The Secret Life-Changing Money Habits of Super Savers

Lindsay Mott  |  February 7, 2023

Want to save more for retirement? Learn how to stash extra cash from the experts who help super savers cushion their nest eggs. 

Have you heard of the term “super-savers”? They’re essentially modern-day financial unicorns who move a LOT of money to their retirement accounts every year. The global investment management firm Principal defines super savers as those who annually defer 90% or more of the IRS maximum to their retirement accounts or save 15% or more of their salary for retirement. In a recent Super Savers Survey conducted by Principal, more than half of  Millennials and Gen Z surveyed said they were planning to save more than $20,000 for retirement this year. 

While tucking nearly $20,000 a year away isn’t a realistic goal for everyone, there are things you can do right now to move in that direction. And if you’re motivated to save more for retirement, then any amount you save is a huge step forward.  

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Staycations and Older Cars

The study also shows these savers favor large sacrifices like driving older vehicles (49%) and restricting travel (40%) over short-term cuts to their daily expenses to max out their retirement contributions. For most (74%), the main motivator is for financial security and a good lifestyle in retirement (71%).

“If there’s one common trait of the super savers, it’s that they are dogged savers that are laser focused on accruing enough wealth to create a better financial picture for themselves,” says Sri Reddy, senior vice president of retirement and income solutions at Principal. “Super savers bet on themselves, which means things like volatility and inflation don’t shake them from their financial goals. They embody some of the best practices in retirement savings, so they prioritize consistency and preparation.”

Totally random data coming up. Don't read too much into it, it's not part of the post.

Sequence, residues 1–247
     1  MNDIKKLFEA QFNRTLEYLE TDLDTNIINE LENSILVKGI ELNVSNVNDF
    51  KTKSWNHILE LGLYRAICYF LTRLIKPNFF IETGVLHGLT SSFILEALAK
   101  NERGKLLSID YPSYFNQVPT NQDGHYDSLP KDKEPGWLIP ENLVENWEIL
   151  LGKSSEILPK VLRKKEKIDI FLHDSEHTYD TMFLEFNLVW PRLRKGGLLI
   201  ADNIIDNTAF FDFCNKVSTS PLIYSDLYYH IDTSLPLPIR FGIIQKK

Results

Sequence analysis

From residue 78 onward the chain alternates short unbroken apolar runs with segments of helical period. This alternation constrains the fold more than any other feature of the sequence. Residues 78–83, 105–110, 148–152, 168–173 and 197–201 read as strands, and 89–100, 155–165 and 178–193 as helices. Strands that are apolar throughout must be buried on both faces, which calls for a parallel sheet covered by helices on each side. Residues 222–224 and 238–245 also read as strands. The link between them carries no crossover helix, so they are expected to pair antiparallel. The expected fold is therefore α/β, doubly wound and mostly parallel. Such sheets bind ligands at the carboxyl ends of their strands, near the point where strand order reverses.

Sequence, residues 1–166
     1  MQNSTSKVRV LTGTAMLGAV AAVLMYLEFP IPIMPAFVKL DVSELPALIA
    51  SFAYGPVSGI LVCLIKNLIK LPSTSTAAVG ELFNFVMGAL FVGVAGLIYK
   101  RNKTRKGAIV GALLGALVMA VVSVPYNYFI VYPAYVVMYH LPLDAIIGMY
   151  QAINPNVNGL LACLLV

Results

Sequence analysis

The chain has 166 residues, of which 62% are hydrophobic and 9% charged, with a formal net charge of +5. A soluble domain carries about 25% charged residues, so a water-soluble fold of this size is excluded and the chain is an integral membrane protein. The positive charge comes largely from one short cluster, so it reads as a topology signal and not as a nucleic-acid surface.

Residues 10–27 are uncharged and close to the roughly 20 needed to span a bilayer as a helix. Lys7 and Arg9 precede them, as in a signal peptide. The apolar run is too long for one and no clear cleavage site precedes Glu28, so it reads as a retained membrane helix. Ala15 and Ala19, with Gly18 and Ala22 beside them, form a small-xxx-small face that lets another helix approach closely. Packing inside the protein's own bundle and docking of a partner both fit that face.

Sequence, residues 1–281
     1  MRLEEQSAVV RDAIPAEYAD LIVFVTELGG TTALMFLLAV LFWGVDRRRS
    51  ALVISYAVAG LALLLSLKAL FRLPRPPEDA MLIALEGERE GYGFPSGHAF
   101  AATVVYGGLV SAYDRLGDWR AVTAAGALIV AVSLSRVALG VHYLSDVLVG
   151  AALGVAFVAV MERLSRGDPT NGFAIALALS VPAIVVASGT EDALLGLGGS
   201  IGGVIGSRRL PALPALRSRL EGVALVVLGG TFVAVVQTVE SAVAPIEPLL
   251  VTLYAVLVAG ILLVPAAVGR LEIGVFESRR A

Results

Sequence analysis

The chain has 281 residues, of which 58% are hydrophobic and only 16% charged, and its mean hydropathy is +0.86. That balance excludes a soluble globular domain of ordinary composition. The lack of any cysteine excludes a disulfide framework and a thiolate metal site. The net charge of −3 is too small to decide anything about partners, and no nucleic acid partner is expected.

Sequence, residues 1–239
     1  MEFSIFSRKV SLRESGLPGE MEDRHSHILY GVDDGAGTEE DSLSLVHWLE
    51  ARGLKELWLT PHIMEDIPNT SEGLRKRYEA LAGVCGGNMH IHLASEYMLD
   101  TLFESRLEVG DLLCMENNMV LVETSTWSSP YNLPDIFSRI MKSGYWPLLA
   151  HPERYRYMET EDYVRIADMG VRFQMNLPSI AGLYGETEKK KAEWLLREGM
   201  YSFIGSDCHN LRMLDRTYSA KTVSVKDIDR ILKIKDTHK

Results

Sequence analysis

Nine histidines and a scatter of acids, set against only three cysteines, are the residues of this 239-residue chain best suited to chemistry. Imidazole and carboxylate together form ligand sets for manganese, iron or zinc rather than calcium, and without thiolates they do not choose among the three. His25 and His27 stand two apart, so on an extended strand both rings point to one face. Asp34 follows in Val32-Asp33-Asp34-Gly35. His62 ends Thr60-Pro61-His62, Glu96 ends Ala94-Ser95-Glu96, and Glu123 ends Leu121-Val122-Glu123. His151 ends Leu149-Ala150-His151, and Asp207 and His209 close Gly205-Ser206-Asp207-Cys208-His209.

These people are working strategically to save, and as Ted Rossman, senior industry analyst with, says, they’re likely high earners “saving $20,000 or more annually gets much easier the more you make.” Those with lower incomes can also learn from the super savers surveyed by Principal. Here are more practical tips on how to prioritize saving, while making it easier on yourself in the process. 

Always Meet the Match 

First things first. Before you can think about maxing out your retirement accounts, you’ve got to prioritize monthly contributions to your 401(k). That means if your employer offers a matching contribution as part of your retirement plan, take advantage of that and defer enough of your paycheck to ensure you get the match. The match is essentially free money, notes Reddy. (Plus, when you put money into a retirement account, you’ll gain the benefit of lowering your taxable income in the process.) 

You can also establish an “auto-escalation” of your retirement savings each year, Reddy explains. This essentially automatically increases your payroll deductions each year, so that you’re always saving more. Aim to increase savings by at least 1% annually, or when you receive a raise. Do this and you could be a super saver in no time. 

Choose High-Interest Accounts